We also thank Lloyd Murray and the rest of the Northern New Hampshire Bird Dog Club for the use of their grounds. We had to make a change of venues so that we could ensure everyone had an opportunity to enter.

I would like to thank the club members for traveling to help out with vehicles, lunch pick up and numerous other items that needs to occur to make a successful trial. If anyone has walked the Kilkenny grounds, they know how nice they are but they also know how challenging it is to navigate them.

This year we were fortunate to have two very well experience judges to look over our entry. George Hetrick made his way from Pennsylvania and John Olfson came up from Connecticut. With three full days of running, these gentlemen got a workout.

Of course all this could not have occurred without a strong entry. This year we had 35 dogs that included strings from Wild Apple and Chasehill Kennels. To round it out, we had pros with smaller entries and the much needed but strong entries from the amateurs.

Again, thank you to all the owners and handlers for making this a great trial.

THE RUNNING

Day No. 1. The first brace of the trial included Paucek’s Castiel (Kellie Short) and Wild Apple Cider (Doherty). Lonesome Ridge had been a tough one. They completed the hour without a bird being seen

Wild Apple Polka Dot (Doherty) paired up with Chasehill Little Izzy (Stolgitis) broke away on Deer Mountain. Both dogs ran well. Dotty had a stop at 32 but nothing could be produced. Izzy had nice run but nothing for her effort. Three birds seen.

Paucek’s Tommy Tucker (Short) broke away with Duck Hook (Stolgitis) on Goldenrod. "Brute" got stuck a little early to the left of the course in the swamp. Tucker moved well through the course. Tucker made a move to the left of the course and the bell fell silent at 29. The scout was sent out and Tucker was located. Short reached Tucker and a grouse was produced with all in order. A nicely scouted find. Brute moved strong through the course but came up empty. Tucker finished a nice race.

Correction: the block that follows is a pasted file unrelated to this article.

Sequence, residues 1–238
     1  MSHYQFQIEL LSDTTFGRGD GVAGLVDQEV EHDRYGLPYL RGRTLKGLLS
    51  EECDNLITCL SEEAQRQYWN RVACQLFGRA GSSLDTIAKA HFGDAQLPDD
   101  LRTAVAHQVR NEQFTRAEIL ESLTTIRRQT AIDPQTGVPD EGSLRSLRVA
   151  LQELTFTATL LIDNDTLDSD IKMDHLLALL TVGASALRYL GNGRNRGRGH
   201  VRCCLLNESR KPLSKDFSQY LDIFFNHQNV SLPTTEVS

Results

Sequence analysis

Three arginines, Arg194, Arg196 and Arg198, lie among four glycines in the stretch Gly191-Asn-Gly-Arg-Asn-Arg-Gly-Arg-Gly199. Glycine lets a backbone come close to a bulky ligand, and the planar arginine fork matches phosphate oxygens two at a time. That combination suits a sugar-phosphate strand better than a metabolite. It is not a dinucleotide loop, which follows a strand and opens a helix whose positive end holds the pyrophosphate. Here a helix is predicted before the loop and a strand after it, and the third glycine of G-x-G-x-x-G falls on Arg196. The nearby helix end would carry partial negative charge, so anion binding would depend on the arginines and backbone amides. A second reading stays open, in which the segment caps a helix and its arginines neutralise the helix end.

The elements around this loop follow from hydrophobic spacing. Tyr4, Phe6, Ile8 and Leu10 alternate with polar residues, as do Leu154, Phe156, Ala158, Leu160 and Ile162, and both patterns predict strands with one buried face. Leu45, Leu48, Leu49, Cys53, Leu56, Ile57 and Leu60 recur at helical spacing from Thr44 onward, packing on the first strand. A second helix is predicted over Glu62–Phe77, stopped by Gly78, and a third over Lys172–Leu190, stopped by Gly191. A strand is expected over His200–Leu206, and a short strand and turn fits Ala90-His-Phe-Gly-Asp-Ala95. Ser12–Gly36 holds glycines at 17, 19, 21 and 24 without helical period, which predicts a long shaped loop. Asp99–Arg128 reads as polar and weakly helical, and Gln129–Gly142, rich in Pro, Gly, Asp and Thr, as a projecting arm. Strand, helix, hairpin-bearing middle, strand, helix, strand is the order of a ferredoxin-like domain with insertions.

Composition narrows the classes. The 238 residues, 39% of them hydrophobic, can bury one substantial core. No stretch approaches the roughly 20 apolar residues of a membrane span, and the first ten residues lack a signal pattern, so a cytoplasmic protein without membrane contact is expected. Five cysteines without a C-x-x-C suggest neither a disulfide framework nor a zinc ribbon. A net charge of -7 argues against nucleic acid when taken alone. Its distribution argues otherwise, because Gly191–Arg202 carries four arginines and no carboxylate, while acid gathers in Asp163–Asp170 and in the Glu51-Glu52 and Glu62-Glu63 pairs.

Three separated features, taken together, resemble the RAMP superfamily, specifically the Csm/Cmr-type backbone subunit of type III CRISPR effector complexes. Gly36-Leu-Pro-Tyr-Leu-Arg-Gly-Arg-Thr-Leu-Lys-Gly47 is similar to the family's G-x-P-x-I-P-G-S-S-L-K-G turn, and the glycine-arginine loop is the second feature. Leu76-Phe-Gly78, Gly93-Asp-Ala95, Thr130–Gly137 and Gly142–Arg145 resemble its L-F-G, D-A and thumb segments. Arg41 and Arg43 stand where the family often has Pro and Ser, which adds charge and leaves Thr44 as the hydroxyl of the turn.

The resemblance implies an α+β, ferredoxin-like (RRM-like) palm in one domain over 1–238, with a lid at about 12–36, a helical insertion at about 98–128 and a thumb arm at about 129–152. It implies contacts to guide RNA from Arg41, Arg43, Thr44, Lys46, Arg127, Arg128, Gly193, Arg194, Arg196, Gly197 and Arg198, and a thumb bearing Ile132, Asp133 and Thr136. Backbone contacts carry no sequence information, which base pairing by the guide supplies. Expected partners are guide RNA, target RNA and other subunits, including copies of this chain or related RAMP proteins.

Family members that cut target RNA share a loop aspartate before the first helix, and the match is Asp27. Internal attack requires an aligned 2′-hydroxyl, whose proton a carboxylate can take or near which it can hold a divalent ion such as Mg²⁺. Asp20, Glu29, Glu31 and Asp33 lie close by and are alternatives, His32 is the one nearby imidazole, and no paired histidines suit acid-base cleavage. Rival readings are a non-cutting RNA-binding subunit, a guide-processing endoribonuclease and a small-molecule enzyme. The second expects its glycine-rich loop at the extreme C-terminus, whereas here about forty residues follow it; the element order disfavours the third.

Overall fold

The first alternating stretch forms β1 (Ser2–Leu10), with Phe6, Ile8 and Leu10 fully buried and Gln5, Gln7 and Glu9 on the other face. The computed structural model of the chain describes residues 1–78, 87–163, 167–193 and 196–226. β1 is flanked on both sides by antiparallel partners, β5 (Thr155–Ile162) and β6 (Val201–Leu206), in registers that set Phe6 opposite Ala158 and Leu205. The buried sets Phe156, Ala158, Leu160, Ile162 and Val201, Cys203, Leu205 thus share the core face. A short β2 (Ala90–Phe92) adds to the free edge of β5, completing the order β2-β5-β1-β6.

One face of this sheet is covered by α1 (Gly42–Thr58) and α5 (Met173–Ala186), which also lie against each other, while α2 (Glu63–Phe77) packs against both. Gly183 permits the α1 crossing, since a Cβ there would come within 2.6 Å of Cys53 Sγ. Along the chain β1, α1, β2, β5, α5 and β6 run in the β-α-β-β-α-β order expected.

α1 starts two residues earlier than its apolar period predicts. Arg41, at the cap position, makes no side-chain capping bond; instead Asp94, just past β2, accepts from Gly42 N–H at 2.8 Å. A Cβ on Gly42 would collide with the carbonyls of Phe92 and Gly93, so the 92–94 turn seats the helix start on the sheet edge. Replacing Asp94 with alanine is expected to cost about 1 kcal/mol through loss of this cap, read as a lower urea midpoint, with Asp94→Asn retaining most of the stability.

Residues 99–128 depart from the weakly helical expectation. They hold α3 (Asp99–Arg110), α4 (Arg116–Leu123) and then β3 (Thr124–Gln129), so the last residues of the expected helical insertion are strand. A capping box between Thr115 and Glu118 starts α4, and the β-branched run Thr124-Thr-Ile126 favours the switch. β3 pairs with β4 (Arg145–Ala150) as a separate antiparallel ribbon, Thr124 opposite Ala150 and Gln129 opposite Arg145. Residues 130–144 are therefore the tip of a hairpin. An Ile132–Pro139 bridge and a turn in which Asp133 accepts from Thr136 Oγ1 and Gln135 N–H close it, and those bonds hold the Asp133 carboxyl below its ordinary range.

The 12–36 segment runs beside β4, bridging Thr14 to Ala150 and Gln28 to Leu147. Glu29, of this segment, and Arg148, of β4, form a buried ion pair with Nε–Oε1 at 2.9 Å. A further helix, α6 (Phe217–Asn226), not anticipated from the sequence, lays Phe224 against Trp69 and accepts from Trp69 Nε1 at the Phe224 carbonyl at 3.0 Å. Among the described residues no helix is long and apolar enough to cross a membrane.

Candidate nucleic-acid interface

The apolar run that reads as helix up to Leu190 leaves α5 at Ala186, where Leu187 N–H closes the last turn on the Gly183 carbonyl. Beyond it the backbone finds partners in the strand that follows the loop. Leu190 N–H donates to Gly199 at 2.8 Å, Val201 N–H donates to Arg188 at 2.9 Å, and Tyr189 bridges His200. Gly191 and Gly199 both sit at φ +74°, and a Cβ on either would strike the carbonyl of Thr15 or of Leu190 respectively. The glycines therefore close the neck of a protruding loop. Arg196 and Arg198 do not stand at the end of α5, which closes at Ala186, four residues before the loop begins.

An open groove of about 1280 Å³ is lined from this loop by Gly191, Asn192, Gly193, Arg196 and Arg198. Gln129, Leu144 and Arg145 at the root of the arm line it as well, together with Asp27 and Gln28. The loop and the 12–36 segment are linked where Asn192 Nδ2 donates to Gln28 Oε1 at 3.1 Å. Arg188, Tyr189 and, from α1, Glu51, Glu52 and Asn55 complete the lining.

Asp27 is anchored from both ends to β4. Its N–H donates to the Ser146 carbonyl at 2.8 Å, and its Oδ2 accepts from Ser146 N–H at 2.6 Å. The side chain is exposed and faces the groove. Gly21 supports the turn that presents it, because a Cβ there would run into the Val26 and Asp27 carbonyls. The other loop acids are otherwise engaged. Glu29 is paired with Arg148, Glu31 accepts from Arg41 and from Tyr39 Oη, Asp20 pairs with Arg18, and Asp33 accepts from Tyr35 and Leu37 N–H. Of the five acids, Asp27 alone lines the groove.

Long Gone Porky (Murray) and Cairds Rosie (Stolgitis) had the first go at Pancake. Porky stopped at 16 and was relocated without success. Rosie stopped at 44 but moved on. Three grouse were seen by the gallery.

Brace No. 5 — Chasehill Little Speck and Wild Apple White Lightning — was previously noted.

No. 6: Panola Bacon (Stolgitis) and Wynot Pete (Steven Forrest) had the last brace of the day. Pete started off well but changed his tune quickly and Forrest picked him up at 12. Bacon took a different route and the retrieval device was called for at 23.

Day No. 2. Elhew Snakedancer (Doherty) and Magic Mist Sydni (Joe Dahl) took their turn at Lonesome Ridge. “Sydni" had a quick stop at 5 but moved on. Both dogs ran with ease through the timber. “Sydni” stopped to the left of the course at 34. Dahl flushed but could not locate a bird. “Sydni” would relocate and stop. On the third relocation, Lizzy came down the trail and busted three grouse in the open hardwoods ending her day. “Sydni” was moved on and her day ended when she hit the bottom and put too much pressure on a grouse at 54.

No. 8: Grouse Hill Pepper (Ogilvie) and Cinder (Sloan) broke away on Deer Mountain. Cinder ran to the edge of the bell. Pepper was running well through the hardwoods. At 28 Pepper came in and slammed on point for everyone to see. Unfortunately, they also witnessed a pair of grouse leaving and Pepper going with them. Cinder had the rest of the course to herself and a moment of hope occurred when she stopped at 59. Sloan flushed and even after the relocation, nothing could be produced.

Elhew Snakewood (Doherty) and Mooselook Mac (John McNulty). Cobie and Mac made it to 25. Mac stopped and was fine when the first grouse left but the second one was too much. Cobie entered the scene when this was going on and sent the rest of the brood skyward.